While my speed was lacking, accuracy was above average. I scored 116 points on the stage with only one shooter pulling down more points at 118. Between my time and score, I earned 14th place out of 27 shooters in USPSA Production Division.

Stage 6: Can You Count

USPSA at South Chester - March 2012 - Stage 6

When our squad stepped onto stage six, there was a mix of excitement and dread. We were to shoot the classifier stage Can You Count (CM06-03). This particular classifier is very fast paced and requires a reload in the middle of what some would call controlled chaos.

I was, I guess you could say, indifferent. I shot this particular stage at a USPSA Classifier Match at Topton, back in November. It wasn’t until after the stage was over that I became curious how my time compared to the same stage the year before.

After The Buzzer

This stage is setup in two strings, one mirror of the other. There is really no stage-plan required, you just draw your gun and pump rounds into a target as fast as possible, perform a reload, and pump rounds into a target slightly farther away. Once completed, you holster and do it all over again.

The reason I called this controlled chaos is that shooters tend to get wrapped up in yanking back on the trigger and transition to the next target before their brains stops them before the words ‘Oh My God, Realod!’ race through their minds. I ran into that small hiccup at Topton but I was relaxed and moved through the stage without issue this time around.

Score

Imagine my amazement when the first string was finished and the range officer called out a time of 4.67 seconds. Up until I started shooting USPSA, I always thought that a second was a tiny little segment of time. Here I am drawing a gun, firing 5 rounds on target (all A zone hits), reloading, and firing another 5 rounds on target (again, all A zone hits) in under five seconds. That just blows my mind.

The second string was a bit slower. The last shot on my first magazine was delayed and for some reason shot out of rhythm. My reload wasn’t as good the first string but I still managed to draw my gun, perform a reload, and fire ten shots in 5.11 seconds.

I had a combined time of 9.78 seconds and 100 points (perfect score for this stage), earning me 4th place out of 27 shooters in USPSA Production Division. The most interesting thing here comes by the way of comparing this stage to the same stage shot at Topton in November (14.39 Seconds and all A Zone Hits).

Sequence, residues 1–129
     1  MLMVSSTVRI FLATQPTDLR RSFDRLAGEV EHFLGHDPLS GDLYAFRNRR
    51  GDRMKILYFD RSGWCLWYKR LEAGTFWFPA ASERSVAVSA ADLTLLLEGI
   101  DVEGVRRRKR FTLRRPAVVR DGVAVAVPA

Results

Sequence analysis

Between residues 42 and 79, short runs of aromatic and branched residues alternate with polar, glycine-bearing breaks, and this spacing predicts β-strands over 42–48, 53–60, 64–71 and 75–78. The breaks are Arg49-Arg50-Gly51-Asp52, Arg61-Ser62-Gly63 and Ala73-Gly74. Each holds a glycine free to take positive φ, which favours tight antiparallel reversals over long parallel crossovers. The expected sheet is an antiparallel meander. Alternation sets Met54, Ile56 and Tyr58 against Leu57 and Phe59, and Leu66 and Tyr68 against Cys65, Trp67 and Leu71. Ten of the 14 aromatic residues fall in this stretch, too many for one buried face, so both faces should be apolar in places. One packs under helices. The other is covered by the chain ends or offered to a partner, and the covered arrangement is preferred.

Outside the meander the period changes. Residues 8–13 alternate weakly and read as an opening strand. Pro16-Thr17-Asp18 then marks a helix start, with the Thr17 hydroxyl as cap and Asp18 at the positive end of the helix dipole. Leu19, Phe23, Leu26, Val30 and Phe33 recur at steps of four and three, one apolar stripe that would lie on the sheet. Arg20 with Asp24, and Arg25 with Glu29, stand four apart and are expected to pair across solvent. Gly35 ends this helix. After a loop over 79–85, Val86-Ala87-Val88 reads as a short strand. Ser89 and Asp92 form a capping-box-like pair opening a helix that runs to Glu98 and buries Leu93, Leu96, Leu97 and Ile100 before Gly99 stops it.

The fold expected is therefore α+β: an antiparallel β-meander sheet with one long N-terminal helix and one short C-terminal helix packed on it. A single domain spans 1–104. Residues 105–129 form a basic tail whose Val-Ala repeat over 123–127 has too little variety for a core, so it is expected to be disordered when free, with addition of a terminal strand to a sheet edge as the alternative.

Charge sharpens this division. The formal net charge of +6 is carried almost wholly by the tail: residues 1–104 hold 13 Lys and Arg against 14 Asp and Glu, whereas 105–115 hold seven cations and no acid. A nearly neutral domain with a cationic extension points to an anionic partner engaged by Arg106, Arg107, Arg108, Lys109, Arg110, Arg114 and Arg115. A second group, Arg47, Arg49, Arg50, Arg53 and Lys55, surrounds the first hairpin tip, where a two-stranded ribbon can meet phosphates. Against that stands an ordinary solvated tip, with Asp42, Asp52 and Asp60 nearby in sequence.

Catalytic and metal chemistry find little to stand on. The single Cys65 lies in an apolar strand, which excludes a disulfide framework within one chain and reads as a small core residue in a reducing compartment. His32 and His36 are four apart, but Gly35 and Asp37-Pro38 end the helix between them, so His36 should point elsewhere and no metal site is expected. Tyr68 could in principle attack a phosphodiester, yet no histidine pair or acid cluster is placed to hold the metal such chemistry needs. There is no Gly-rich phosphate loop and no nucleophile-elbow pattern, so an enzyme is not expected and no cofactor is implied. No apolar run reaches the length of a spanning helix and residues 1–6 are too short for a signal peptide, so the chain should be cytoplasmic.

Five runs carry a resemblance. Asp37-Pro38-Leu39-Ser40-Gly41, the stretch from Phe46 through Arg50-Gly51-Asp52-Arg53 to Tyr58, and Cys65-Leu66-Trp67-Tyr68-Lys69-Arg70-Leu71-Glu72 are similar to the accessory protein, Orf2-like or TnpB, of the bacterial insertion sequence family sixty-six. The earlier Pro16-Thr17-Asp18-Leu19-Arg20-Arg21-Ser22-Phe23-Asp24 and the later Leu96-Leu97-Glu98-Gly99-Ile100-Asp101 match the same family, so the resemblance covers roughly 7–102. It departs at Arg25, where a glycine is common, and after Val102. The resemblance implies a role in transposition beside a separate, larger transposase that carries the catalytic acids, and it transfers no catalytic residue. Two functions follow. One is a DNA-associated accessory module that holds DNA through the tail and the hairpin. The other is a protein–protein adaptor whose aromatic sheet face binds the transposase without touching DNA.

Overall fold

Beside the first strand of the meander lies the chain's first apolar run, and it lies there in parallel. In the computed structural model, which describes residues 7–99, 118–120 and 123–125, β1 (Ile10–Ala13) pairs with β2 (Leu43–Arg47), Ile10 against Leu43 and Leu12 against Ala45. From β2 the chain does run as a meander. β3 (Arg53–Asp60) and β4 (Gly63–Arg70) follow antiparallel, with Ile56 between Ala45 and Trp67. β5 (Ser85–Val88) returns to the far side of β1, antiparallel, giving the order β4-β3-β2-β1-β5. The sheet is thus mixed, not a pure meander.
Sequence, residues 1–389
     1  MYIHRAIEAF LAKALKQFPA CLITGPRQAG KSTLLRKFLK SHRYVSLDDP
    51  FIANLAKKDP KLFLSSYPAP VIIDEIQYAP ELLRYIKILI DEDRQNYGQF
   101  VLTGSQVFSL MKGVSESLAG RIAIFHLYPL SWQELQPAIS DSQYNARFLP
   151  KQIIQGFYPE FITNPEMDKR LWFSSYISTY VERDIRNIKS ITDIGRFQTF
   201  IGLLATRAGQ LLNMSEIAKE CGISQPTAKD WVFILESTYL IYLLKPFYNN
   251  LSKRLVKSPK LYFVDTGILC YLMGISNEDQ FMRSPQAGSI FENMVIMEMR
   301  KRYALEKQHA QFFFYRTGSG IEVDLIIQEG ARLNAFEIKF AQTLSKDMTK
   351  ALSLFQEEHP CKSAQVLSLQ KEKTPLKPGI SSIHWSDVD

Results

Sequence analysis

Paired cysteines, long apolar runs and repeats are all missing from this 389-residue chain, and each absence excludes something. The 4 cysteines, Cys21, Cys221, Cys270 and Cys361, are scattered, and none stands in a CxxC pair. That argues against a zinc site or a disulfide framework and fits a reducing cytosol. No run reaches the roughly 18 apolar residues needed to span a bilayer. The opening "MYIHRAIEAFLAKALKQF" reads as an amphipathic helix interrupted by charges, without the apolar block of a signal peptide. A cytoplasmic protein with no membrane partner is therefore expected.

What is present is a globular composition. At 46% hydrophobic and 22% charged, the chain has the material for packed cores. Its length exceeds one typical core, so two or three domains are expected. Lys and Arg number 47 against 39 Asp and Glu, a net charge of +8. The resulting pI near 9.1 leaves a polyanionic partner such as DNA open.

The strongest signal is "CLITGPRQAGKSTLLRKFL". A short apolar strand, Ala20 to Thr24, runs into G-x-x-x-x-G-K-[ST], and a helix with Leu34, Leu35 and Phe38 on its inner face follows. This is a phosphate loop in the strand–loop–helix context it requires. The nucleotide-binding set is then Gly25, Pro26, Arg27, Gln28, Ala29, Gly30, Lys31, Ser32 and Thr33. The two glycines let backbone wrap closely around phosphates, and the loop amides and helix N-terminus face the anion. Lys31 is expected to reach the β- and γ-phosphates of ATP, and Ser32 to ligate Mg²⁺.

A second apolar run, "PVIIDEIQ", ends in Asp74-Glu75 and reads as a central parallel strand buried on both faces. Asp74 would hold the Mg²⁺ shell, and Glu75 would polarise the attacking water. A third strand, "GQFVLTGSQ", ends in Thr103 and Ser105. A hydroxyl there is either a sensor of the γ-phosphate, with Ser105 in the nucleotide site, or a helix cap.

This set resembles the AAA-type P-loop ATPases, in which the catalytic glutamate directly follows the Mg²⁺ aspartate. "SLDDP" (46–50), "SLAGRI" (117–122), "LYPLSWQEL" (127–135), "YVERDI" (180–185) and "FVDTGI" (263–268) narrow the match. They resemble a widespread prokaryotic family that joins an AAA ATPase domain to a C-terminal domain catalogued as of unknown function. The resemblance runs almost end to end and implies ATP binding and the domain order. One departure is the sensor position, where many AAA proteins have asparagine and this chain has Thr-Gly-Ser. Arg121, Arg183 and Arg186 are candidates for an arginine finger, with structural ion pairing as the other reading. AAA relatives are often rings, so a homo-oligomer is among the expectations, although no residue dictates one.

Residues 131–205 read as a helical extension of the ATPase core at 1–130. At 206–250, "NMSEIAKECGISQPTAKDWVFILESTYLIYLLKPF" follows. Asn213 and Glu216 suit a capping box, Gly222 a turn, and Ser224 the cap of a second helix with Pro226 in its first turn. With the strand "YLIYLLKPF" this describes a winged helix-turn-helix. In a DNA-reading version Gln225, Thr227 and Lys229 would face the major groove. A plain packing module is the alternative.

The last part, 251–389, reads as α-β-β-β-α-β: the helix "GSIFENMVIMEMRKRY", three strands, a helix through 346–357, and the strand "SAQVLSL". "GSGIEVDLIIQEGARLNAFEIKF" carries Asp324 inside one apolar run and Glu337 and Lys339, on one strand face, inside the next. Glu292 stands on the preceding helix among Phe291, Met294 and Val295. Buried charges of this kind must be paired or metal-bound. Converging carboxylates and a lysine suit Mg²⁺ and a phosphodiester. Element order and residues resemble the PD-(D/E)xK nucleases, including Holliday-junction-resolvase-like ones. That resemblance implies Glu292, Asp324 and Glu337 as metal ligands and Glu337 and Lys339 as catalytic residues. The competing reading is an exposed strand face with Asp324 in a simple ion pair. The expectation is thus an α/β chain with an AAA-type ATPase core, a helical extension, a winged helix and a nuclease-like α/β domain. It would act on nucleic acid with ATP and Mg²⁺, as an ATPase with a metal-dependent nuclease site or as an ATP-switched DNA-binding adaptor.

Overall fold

Stage 1: Hogan’s Alley

USPSA at South Chester - March 2012 - Stage 1

After a hike back around to the front ranges, we dropped our gear on the 75 yard range and waited for the squad ahead of us to finish up. We found a spot in the shade and enjoyed snacks, beverages, and conversation. I can only describe our squad as awesome. We were hustling, without rushing, and everyone helped with resetting stages.

After our pleasant break, we got back to business and began out stage walkthrough. During our break, I should have been paying closer attention to the shooters ahead of us. Instead, I payed little attention to them and wound up creating a stage plan based solely on my walkthrough.

After The Buzzer

I situated myself on a hard angle, with my heels on the start marks, so that I wouldn’t waste time shifting after the draw. I worked the stage counter-clockwise, firing eight shots at the first four targets. I performed a reload and engaged two more targets at increased distance before turning to my left and engaging another pair of targets.

While engaging those four targets, I felt like I pulled two shots and made them up along the way. I reloaded, where I wasn’t planning, before moving to engage a lone target setup tight against a wall. I turned and engaged two pieces of steel. One of those steel poppers introduced me to my first out-and-back. Unlike the swingers that I was used to, this target had a short stroke before dipping back behind cover. I setup to ambush it and fired three rounds before it disappeared.

I performed one last reload and opted to move downrange to engage two pairs of targets, one pair through a port. This is where I could have gambled but didn’t think to until watching other shooters. These four targets could have been shot further away to save time. That strategy paid off for some and seriously hurt the scores of others.

Scores

Taking my sweet old time on this stage didn’t hurt me as much as I thought. I shot this stage in 35.96 seconds with a score of 146 points. I’m not sure what the maximum stage points were but my score was the highest (and I’m absolutely sure that I didn’t shoot all A’s).

My solid accuracy and middle of the pack speed earned me 13th place out of 27 shooters in USPSA Production Division. Looking at the other shooters’ times, I have to wonder what the outcome would have been if I didn’t move towards the end of the stage and instead taken a risk on the last four targets.

I think it would have had to shave a significant amount of time off of my overall score to make much of a difference. The shooter that placed just ahead of me shot the stage a full 10 seconds faster than I did.

Stage 2: Countdown

USPSA at South Chester - March 2012 - Stage 2

If there were any stages in the match that I had the upper hand on, I guess you could say that it would be this stage. I arrived early to help setup and was put in change or constructing this stage. Despite spending a considerable amount of time setting it up, with a group of volunteers, I spent very little time considering how I would shoot it.

The stage itself was fairly straight forward but due to the number of targets setup on a backer board, it was possible to loose track of one of them as you moved from one shooting position to the next. My plan was simply to start on the left and move right, running my gun dry before transitioning to the next shooting position.

After The Buzzer

At the buzzer I drew my gun and began moving to the left-most shooting position. I engaged two targets as I got into position then transitioned to targets stapled to the backer at the rear of the range. I ran my gun dry and reloaded while getting into position at the port.

From the port I engaged three low targets, at close range, before transitioning back to the backer at the rear of the range. I engaged two targets, running my gun dry again, and reloaded as I moved to the right-most shooting position. From the last position I engaged two targets at close range and transitioned to the backer board one last time to engage another three targets.